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Rathore active in role as medical society president

Published: March 10, 2014 By: By Jesef Williams
Mobeen Rathore, MD, professor and associate chair of pediatrics at UF College of Medicine – Jacksonville, is president of the Duval County Medical Society. View Larger Image

Pediatrics professor talks about scope of practice, insurance

There are some key statewide and national health care issues Mobeen Rathore, MD, is addressing in his role as president of the Duval County Medical Society.

Rathore, professor and associate chair of pediatrics at UF College of Medicine – Jacksonville, was installed in December as the society’s 127th president. He’s been a member of DCMS for 23 years.

“It is truly an honor,” Rathore said about the new role. “This gives me an opportunity to work in organized medicine and help my profession in a major way. The goal is to help physicians practice their art better and serve our patients as best as we can.” 

Since becoming president, Rathore has weighed in on a hot topic in the medical community: expanding nurses’ scope of practice. The benefits and drawbacks of that continue to be discussed.

Rathore said he has great respect for nurses, but is concerned about expanding their scope without expanding their training. Nurses start practice immediately after graduating, often working in one field and learning from a supervising physician. Physicians, in comparison, complete extensive training, including residency and fellowship, before they practice independently.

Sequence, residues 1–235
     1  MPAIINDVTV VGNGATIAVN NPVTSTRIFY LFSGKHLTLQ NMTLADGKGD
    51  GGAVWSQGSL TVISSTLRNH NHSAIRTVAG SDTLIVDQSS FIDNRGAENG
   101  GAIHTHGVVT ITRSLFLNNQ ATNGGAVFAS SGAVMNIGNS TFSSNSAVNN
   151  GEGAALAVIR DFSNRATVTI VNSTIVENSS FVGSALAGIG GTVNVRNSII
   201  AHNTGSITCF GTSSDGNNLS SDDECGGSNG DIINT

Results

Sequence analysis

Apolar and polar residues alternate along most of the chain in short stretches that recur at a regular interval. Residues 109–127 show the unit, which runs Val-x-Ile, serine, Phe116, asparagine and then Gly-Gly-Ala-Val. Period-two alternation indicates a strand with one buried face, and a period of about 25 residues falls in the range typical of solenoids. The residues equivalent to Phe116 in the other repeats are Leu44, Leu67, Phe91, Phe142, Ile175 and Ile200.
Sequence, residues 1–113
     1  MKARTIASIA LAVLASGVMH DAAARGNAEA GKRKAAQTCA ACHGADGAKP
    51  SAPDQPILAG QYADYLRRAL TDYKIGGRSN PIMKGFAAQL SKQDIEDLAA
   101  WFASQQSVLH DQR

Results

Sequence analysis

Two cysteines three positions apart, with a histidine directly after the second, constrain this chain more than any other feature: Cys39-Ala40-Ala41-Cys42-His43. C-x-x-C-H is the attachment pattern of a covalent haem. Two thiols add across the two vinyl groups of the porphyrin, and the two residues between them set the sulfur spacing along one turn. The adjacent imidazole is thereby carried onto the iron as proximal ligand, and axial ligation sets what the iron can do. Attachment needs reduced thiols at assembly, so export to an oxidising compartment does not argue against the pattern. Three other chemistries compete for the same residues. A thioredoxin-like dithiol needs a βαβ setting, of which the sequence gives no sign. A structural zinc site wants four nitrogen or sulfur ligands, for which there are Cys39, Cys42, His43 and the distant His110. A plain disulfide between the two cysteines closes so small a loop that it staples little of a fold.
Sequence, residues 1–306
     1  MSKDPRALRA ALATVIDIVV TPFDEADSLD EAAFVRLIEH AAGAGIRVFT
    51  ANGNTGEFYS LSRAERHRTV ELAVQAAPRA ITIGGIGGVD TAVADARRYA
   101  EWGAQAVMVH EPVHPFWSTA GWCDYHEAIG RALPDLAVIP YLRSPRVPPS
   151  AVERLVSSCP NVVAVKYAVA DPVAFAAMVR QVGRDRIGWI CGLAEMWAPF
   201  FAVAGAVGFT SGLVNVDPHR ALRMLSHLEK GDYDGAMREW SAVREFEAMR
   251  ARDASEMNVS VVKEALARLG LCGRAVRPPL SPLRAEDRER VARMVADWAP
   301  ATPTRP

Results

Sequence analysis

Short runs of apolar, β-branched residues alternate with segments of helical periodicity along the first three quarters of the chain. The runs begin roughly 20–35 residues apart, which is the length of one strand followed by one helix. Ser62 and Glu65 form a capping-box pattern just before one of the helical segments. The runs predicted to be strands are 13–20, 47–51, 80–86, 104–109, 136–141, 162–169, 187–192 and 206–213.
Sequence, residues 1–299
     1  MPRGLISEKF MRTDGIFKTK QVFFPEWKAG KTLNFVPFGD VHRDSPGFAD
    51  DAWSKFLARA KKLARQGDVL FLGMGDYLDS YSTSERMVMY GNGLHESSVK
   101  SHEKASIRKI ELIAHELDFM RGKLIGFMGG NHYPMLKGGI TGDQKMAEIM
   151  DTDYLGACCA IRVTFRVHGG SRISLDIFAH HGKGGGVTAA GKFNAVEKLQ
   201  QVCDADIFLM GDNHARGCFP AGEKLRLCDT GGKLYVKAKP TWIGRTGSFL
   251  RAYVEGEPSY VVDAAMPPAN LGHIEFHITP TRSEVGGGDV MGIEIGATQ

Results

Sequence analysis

“I consider nurse practitioners our partners,” Rathore wrote in a letter to fellow DCMS members. “However, until nurse practitioners have training programs that are rigorous and expansive as residency and fellowship programs, we need to be careful before we expand their scope of practice.”

However, Rathore said he acknowledges there is a workforce shortage, which will become more apparent as more Floridians are added to insurance rolls via the Affordable Care Act, also known as Obamacare. If the medical community can’t accommodate the influx of patients, Rathore believes state legislators may be forced to take actions that won’t be in the best interests of physicians or patients.

“Answers are not easy,” he said. “However, organized medicine must take effective steps to address this issue.”

Rathore said many physicians don’t serve patients on public insurance because of the lower payments that are associated. Though physicians and practices have the right to make that choice, Rathore said it leaves a gap that has to be filled.

“We need to address the access to health care issue lest someone else does it for us,” Rathore said. He added that providing outstanding health care to more people will mean increasing reimbursements and expanding training programs for physicians.

Rathore is chief of the division of pediatric infectious diseases and immunology at UF College of Medicine – Jacksonville. He is also director of the UF Center for HIV/AIDS Research, Education and Service (UF CARES).

Last year, Rathore was appointed to the American Academy of Pediatrics’ Committee on Infectious Diseases. The committee is responsible for the publication of the Red Book, regarded worldwide as the most authoritative reference in the management of infectious diseases in children. 

He had been a DCMS board member and served on many of its committees years prior to becoming president. Today, the organization has more than 2,000 members, making it one of the largest county-based medical societies in Florida.

Mobeen Rathore, MD, professor and associate chair of pediatrics at UF College of Medicine – Jacksonville, is president of the Duval County Medical Society.

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